The former official would not be drawn into a discussion of either the military of the “eight odd intelligence” groups in Kenya, other than to note that the police are “either unable or unwilling to exploit intelligence” and NIS is legally too weak to act on its investigation.
Kenyan spies were barred by the law to be armed until last year. Because of its history of torture and brutality as Special Branch, NIS has no authority to arrest anyone. They spy and “take the information to the police, who often ignore it,” according to the official.
In his report, Mr Kenyatta criticised the criminal justice system, saying its various units did not work in harmony, thus contributing to insecurity. He said the police, the Judiciary, prosecutors and prisons fail to jointly deter and punish criminals and terrorists.
The far-reaching proposals were unveiled at a time when the country faces serious security challenges posed by Al-Shabaab and armed criminal gangs that perpetuate murder, robberies, drug trafficking, kidnappings and carjackings.
On Sunday, a hand grenade was found in a church in Mpeketoni, Lamu while in Eastleigh, Nairobi, a suspected terrorist died when an explosive device he was assembly blew up in his face. Eight days ago, six people were gunned down in cold blood when three hooded men walked into a church and opened fire on worshippers in Likoni, Mombasa.
According to the report that Mr Kenyatta tabled in Parliament, 126 people have been killed and 132 injured in attacks perpetrated by Al-Shabaab, the Somalia-based terror group with cells in Kenya. Over 400 suspects have been arrested and many of them are facing terrorism-related charges in different courts.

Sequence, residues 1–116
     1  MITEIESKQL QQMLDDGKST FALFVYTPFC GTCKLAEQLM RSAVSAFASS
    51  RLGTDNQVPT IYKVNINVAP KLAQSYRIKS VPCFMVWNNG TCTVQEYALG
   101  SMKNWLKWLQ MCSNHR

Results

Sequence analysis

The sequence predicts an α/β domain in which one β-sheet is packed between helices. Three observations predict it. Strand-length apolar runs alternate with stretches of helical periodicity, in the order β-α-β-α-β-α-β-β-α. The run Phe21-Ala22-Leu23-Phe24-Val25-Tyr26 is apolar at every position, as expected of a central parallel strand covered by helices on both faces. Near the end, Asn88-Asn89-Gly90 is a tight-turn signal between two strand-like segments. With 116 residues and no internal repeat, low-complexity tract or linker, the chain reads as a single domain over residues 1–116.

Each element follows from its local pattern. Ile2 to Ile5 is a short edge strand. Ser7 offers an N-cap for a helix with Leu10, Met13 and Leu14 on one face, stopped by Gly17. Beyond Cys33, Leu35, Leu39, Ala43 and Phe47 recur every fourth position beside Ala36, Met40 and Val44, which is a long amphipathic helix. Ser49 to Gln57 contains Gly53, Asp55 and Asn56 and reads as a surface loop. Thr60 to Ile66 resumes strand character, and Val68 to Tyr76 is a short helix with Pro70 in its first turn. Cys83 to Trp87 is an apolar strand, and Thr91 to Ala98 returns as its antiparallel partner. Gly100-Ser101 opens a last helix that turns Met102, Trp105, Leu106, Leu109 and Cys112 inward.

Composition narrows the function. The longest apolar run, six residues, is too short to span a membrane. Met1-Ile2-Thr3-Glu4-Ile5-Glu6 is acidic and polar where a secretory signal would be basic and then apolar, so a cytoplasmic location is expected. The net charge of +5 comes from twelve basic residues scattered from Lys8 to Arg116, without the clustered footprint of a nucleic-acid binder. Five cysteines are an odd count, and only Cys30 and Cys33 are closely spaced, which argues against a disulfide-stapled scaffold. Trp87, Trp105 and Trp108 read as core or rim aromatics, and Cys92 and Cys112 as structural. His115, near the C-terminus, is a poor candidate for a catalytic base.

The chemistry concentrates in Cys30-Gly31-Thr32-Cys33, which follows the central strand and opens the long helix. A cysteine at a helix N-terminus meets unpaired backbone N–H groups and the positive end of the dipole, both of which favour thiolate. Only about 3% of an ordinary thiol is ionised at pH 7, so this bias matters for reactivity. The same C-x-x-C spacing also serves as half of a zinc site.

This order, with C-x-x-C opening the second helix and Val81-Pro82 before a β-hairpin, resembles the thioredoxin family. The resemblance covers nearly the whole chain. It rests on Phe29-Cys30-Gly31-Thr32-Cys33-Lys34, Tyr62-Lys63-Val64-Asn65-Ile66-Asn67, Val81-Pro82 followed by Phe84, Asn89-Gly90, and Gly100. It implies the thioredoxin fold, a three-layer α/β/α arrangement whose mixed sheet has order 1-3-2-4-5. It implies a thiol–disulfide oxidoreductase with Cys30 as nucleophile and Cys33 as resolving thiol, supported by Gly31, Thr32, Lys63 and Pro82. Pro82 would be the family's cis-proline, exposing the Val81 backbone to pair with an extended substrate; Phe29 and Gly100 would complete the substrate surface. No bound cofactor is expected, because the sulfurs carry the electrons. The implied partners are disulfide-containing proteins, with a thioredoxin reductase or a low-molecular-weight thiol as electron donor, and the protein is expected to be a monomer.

On deployment, 51, 311 officers were sent to guard vulnerable premises and vital installations and an 1,041 others stationed at entry points.
“The government is committed to keeping Kenya safe and secure through strengthening of security forces, fighting crime and terrorism and promoting national cohesion and building a secure country for all,” says part of the report, which also acknowledges that security agencies have been underfunded over the past 20 years.
Among the proposals in the report is to increase funding to the Anti-Terrorism Police Unit, improve the training of its officers to the highest standards and pass a new anti-terrorism law.
According to the report, Mr Kenyatta is banking on Parliament to assist in the fight against insecurity by reviewing the necessary laws.
Some of the difficulties the government has identified as contributing to insecurity include high unemployment among the youth and the financial limitations and weak coordination of security agencies.
On funding, the President said: “Limited financial capability due to competing national priorities has made it challenging for the government to allocate adequate resources for the security sector which has been underfunded for the past 20 years.”
On criminal justice system, the report says: “Addressing security has been hindered optimally by lack of effective coordination starting with law enforcement, prosecution, the Judiciary and correctional services. Consequently there have been cases where crimes have not been properly processed, leaving suspects and culprits among communities.”
Poaching and radicalisation of youths was also put on the spotlight among security concerns that need to be quickly addressed with plans to allocate money and resources to curb them.
“Kenya wildlife is increasingly under pressure due to increased threats to elephants, rhinos and other species. These crimes pose a great threat to national security and conservation efforts in addition to threatening the realisation of Vision 2030,” Mr Kenyatta said.
The report estimates that Sh3.1 billion is needed to win the war against poachers.